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How Two Retired Doctors Are Supporting Vulnerable Communities During the Pandemic
Transitioning from in-clinic visits to telemedicine hasn’t been a problem for Dr. Barbara Boylan, 62, who had prior volunteer experience supporting health care providers via video conference.
Since mid-March, she’s been doing initial consults with new patients from her home office in San Rafael, conducting follow-up calls, and even helping to identify a rare endocrine condition in a pregnant woman in her 30s who was experiencing hypertension.
Dr. Alaric Akashi, 61, has been on the phone with patients in Marin County, helping people who are recently unemployed transition to new health insurance, establishing primary care providers for those who haven’t had one in years, and assisting those dealing with drug and alcohol problems or struggling with homelessness.
Both Dr. Boylan and Dr. Akashi retired once but came back to work part-time through the Encore Physicians program — a pilot program in the San Francisco Bay Area that matches retired physicians to clinical roles in community health centers. Over the course of a year, Encore Physicians receive a stipend for providing direct patient care and mentoring less experienced clinicians.
“So many doctors want to continue contributing in their retirement, and community health clinics are hungry for expertise,” says Gerald Bourne, who directs the Encore Physicians program. “I’m proud that Encore Physicians are finding safe and effective ways to ensure care is delivered to vulnerable populations during the pandemic.”
Having a cardiologist on staff has been a total game-changer, notes Sue Labbe, the medical director of Alliance Medical Center in northern Sonoma County and Dr. Boylan’s supervisor.
“We serve a culturally diverse yet economically challenged and vulnerable patient population that is primarily low-income, and either uninsured or under-insured,” Labbe says. “Dr. Boylan’s expertise has eliminated all of the previous challenges created by having to refer patients out for specialty cardiology care.”
Dr. Boylan sees the limits of telemedicine but can overcome them. She can’t listen to the patient’s heart and lungs, but she can “still access their medical records from home, read EKGs remotely, and the clinic is open if I need to send someone in for follow-up tests or blood work.”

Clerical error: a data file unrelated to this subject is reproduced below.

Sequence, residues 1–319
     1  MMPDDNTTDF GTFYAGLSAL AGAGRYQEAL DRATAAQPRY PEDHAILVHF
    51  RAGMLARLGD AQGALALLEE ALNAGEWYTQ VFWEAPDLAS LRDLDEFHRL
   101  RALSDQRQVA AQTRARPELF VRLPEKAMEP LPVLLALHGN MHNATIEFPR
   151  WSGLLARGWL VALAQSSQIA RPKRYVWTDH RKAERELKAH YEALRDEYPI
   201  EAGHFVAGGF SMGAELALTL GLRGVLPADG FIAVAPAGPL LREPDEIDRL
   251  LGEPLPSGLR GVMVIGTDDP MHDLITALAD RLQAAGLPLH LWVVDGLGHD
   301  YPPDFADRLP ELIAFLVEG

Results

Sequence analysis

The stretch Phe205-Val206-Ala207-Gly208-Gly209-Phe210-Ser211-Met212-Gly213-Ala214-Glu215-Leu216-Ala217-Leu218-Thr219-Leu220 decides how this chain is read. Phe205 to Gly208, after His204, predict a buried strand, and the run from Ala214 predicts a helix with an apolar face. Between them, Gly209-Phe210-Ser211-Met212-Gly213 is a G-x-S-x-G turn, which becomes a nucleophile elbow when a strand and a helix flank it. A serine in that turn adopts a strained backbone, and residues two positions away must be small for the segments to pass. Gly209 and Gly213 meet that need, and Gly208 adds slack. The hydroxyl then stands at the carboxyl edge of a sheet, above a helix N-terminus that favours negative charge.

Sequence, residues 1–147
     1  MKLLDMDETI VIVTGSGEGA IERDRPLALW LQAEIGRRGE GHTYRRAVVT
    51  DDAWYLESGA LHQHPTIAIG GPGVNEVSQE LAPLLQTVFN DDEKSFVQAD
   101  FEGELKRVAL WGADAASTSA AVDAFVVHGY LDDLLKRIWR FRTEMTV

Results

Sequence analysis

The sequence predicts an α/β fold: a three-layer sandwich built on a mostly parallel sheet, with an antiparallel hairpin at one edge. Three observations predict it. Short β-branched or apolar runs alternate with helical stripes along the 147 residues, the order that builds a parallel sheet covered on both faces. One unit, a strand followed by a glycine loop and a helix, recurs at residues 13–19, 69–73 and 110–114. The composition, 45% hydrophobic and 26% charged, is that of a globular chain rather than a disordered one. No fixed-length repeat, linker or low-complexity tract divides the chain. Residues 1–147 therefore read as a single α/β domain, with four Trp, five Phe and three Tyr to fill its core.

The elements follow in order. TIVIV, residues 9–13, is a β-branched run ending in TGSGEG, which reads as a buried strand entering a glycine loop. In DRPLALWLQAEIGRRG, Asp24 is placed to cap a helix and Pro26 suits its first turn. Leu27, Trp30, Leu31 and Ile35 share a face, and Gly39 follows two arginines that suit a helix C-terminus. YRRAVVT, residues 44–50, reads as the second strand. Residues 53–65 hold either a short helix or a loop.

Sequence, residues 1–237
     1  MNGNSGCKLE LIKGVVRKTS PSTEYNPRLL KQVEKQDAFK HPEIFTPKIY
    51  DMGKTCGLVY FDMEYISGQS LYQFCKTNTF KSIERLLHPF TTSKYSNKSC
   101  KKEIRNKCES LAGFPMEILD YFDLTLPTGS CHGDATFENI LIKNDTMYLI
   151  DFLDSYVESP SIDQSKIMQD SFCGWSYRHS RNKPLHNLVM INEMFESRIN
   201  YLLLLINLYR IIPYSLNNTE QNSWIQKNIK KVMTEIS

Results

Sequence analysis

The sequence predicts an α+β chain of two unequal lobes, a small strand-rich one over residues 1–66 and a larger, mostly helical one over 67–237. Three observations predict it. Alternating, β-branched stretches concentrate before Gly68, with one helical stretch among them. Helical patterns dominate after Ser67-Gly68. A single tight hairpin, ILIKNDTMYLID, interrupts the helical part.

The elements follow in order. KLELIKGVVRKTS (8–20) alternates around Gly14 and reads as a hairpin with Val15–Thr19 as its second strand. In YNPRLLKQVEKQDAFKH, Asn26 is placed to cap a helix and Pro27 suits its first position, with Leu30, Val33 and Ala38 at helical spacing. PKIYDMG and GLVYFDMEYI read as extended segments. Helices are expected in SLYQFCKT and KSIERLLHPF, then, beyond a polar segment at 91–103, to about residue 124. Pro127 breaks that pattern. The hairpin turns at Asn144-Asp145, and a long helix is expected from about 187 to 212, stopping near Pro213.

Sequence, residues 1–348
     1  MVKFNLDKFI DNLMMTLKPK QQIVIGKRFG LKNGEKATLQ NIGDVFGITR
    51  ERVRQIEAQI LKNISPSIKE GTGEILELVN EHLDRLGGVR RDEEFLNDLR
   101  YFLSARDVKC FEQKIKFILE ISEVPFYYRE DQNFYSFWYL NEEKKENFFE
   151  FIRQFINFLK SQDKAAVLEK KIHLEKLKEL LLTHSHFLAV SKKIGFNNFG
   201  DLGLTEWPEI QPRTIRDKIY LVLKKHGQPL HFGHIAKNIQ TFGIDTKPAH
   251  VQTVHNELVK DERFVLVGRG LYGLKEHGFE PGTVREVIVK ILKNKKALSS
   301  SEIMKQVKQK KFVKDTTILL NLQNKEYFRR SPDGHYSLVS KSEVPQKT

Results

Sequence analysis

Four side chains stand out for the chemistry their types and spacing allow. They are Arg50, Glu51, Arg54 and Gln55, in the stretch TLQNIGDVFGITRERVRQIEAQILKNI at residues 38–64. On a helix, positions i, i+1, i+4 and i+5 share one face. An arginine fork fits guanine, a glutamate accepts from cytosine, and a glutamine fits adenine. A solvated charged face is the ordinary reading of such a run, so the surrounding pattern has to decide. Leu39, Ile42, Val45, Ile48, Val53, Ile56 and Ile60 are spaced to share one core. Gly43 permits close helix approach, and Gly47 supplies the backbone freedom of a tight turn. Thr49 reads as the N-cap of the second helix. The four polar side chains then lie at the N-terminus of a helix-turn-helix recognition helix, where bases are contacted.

“I was worried working virtually would feel limiting,” she says, “but most of the calls are really rewarding. And I really want to stay involved as a cardiologist.”
At Marin Community Health Clinics, Dr. Akashi says about 80 percent of patient appointments are now handled virtually. But he still goes to the Larkspur clinic two days a week for the 20 percent who need in-person care. “The risk is fairly low,” he says, “because we’re screening potential Covid-19 patients by phone, and if they’re experiencing any of the symptoms, we have other clinics that triage the patient.”
Even before he retired, Dr. Akashi says he was looking into ways he could work part-time to keep his skills fresh, stay busy, and contribute to a community again.
“I’m Japanese American,” he says. “Both of my parents were in internment camps during WWII. I know what it feels like to be first generation and trying to settle into American culture. Many of our patients at the clinic are first-generation Hispanic families. I have a sensitivity to where they’re coming from. I can empathize, which is nice. It’s been a good experience.”
Medical Director Dr. Xavier Perez agrees. “Dr. Akashi has impressed all of us with his friendliness, clinical acumen and patient focus. He’s helped us maintain patient access and quality care during the Covid-19 pandemic.”
For more information about the Encore Physicians program, contact Dr. Mike Rizzo at [email protected].